When someone mentions spine surgery, most people will think that it is a major surgery and involves mostly elderly patients. In fact, people who have spine problem can be young or old can have corrective minimally invasive surgery (MIS) for congenital defects, adventurous activities, extreme sport injuries, or automobile accidents, as well as tumors in the spine and nervous system and degenerative bone diseases.
Primary treatment plan includes medication, physical therapy, or acupuncture. Surgery is mostly reserved for indications where it is necessary because the goal is to reduce the compression on the nerves to loosen the spine or stabilize the connections with MIS. By using this technique, it reduces muscle damage leading to quicker recovery for the patient after surgery.
MIS is a cutting-edge surgical technology that uses a microscope, an endoscope, to insert through small incisions to view the surgical site without having to open up the entire site. The scope and surgical tools can reach the spine, from the front, or the side with computer-assisted guidance from the beginning all the way to the insertion of metal plates without having to perform open surgery.
MIS reduces blood loss and reduces the rate of infection so patients require less recovery time and can return to their normal routines quicker. It does not destroy the spine structure, but rather preserves spine movement in the same condition. This is in contrast to the older method where spine surgery can result in unnatural spine motion and movement.
One of the most common spine problems is herniated disc that can occur in patients of all ages, from children and teenagers to the working population and senior citizens. For example, in the old days, a congenital spine and structural defect would have required open surgery to place metal rods to correct the curvature. Now, MIS can be performed on these patients as well as patients who suffered automobile trauma that caused compression, fracture or herniated disc that leads to chronic pain and lack of strength.
Most younger patients that require spine surgery had some physical trauma, such as automobile collision that caused displacement or fracture, playing extreme sports, motorcycle or bicycle accident, playing rugby, football, basketball or American football, horse riding, jet skiing, bungy jumping, or riding a bumpy speed boat that cause spinal compression. Other activities include amusement park rides, such as roller coasters, or power shots that produce high torque and pressure on the spine, similar to someone falling from a high place. Although they may be young, the spine can get compressed upon vertical impact. In contrast, older patients tend to experience spine problems from degeneration.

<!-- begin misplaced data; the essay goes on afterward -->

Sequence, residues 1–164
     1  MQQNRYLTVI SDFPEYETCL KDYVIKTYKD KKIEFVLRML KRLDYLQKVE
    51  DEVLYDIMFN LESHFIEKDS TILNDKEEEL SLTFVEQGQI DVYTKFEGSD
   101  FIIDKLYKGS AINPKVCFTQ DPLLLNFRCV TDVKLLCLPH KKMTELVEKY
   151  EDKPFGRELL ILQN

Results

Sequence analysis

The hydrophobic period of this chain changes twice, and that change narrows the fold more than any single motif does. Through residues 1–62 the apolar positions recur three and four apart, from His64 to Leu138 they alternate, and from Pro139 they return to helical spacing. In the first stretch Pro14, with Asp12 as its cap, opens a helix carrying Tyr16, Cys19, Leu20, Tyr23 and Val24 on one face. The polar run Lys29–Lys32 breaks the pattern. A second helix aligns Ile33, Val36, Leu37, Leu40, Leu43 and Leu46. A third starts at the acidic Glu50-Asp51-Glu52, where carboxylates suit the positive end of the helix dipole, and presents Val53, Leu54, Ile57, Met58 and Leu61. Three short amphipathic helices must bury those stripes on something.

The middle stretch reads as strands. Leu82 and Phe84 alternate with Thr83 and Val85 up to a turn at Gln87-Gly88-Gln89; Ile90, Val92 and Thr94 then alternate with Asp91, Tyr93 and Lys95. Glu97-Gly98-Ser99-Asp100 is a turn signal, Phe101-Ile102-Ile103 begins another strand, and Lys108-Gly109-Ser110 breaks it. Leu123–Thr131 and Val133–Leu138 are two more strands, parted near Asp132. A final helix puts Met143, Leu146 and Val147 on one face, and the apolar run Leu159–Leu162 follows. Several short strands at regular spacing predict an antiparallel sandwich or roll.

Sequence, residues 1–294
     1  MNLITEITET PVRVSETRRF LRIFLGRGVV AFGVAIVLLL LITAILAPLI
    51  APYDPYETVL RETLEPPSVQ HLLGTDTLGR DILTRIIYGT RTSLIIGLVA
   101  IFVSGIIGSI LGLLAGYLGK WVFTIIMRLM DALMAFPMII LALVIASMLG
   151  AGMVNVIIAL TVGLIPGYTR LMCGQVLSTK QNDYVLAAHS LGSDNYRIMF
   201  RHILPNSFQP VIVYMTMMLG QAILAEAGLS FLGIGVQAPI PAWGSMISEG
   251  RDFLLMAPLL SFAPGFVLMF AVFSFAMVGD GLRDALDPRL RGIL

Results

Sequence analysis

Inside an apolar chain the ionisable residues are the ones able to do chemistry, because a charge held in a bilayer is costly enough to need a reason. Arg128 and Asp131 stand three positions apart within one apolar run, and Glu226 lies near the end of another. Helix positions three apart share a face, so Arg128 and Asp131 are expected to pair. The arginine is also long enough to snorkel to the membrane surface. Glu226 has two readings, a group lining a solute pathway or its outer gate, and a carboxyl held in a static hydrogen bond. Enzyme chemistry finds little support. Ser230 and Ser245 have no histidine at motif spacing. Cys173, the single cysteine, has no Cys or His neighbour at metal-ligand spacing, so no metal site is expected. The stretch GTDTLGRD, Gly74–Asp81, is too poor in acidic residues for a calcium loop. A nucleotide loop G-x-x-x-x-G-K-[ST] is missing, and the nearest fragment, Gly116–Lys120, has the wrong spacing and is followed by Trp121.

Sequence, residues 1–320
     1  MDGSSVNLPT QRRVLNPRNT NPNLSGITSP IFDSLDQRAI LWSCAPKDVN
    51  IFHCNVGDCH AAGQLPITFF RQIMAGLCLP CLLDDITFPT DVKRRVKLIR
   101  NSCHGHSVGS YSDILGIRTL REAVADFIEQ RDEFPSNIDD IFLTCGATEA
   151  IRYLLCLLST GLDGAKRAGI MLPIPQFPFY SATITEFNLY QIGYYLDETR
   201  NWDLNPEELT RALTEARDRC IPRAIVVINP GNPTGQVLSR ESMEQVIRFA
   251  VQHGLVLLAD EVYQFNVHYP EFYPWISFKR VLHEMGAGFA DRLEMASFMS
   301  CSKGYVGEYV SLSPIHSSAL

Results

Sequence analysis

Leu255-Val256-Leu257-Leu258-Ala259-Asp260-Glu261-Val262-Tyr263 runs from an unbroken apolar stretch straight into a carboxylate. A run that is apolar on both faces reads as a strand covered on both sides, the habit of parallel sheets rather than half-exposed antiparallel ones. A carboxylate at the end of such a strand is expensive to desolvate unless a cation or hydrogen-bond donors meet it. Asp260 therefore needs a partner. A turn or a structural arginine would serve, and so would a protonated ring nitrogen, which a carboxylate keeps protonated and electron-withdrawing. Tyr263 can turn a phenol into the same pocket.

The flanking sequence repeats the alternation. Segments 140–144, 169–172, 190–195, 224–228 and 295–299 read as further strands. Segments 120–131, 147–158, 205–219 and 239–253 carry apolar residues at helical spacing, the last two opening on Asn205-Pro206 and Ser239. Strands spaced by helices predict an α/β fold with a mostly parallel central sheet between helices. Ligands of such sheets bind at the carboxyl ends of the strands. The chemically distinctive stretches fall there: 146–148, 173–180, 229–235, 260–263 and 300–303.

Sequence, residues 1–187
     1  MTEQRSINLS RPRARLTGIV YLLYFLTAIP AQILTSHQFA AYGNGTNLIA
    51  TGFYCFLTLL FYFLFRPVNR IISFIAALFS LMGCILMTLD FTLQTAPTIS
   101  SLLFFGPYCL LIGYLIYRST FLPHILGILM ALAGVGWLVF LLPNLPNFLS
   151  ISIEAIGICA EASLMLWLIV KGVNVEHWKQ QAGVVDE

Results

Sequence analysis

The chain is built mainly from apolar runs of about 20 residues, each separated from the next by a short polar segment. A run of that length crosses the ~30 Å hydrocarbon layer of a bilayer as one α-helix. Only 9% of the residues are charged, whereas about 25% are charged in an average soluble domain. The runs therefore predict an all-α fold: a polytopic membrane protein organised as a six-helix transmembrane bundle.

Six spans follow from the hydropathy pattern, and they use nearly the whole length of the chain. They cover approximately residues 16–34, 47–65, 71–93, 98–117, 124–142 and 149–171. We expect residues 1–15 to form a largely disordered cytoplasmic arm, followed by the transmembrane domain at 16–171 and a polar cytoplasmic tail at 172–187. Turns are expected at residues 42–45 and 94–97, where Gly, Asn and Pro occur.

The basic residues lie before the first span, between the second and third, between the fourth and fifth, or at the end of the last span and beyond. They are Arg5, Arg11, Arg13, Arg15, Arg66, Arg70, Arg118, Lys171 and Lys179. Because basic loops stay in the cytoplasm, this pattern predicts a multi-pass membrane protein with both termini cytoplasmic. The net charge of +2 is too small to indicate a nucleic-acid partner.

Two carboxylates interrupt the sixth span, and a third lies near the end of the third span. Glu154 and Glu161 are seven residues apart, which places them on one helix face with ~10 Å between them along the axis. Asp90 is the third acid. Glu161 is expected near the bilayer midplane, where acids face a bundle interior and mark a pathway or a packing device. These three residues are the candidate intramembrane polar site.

Spinal Cord Tumor
Although spinal cord tumor does not affect a large number of patients, but it requires surgical intervention. There are two types of tumors: benign and malignant. If the tumor is benign and does not lead to malignancy, surgery is suitable in cases where radiation or chemotherapy may not be suitable. For patients who have malignant tumor, treatment depends on the stage of cancer. If it is in the early stages, corrective surgery can be performed. However, spinal involvement tends to come from metastatic cancer rather than primary spinal cord tumor. Thus, the reason for surgery in such cases is to improve the quality of life for the patients so that they have less pain, can move better, or gain strength and preserve urinary continence.
Surgery in such case is the primary choice so that the pathology of disease can be determined to plan the next course of treatment. Surgery allows for pathological diagnosis of the removed tissue.
Indications of surgical intervention are to reduce nerve compression, to repair the loose spine, to correct curvatures, to remove a tumor, as well as to treat infection that cannot be sufficiently treated by medication alone. For example, spinal fluid needs to be tapped for culture.
Signs That You Should Visit a Doctor
- Pain that radiates down the nerves, such as from the neck to the shoulder or arm, or from the hip down the legs
- Muscle weakness in the hand, arm, shoulder, leg, knee, or ankle
- Weight loss, fever
- Abnormal bleeding that should be monitored, such as coughing up blood, back pain, abnormal bowel movement from spinal compression, or back pain in conjunction with an abdominal mass
MIS Spine Surgery
MIS Spine surgery can be performed on any condition that has an indication for surgical intervention. Although the duration of surgery is the same as open surgery, but MIS has advantages over open surgery since it requires less time to heal. However, it requires finesse to use the surgical tools in cases where muscle weakness occurs so the patient can recover quicker. On the other hand, if a patient prolongs treatment, there is a chance that muscle atrophy can occur. In such case, recovery may take longer. Physical therapy will be necessary to rehabilitate the muscle. Hence, recovery time depends on how long the condition persisted prior to surgery. So if a patient experiences muscle weakness, it is best to consult a doctor immediately rather than wait until it is too late.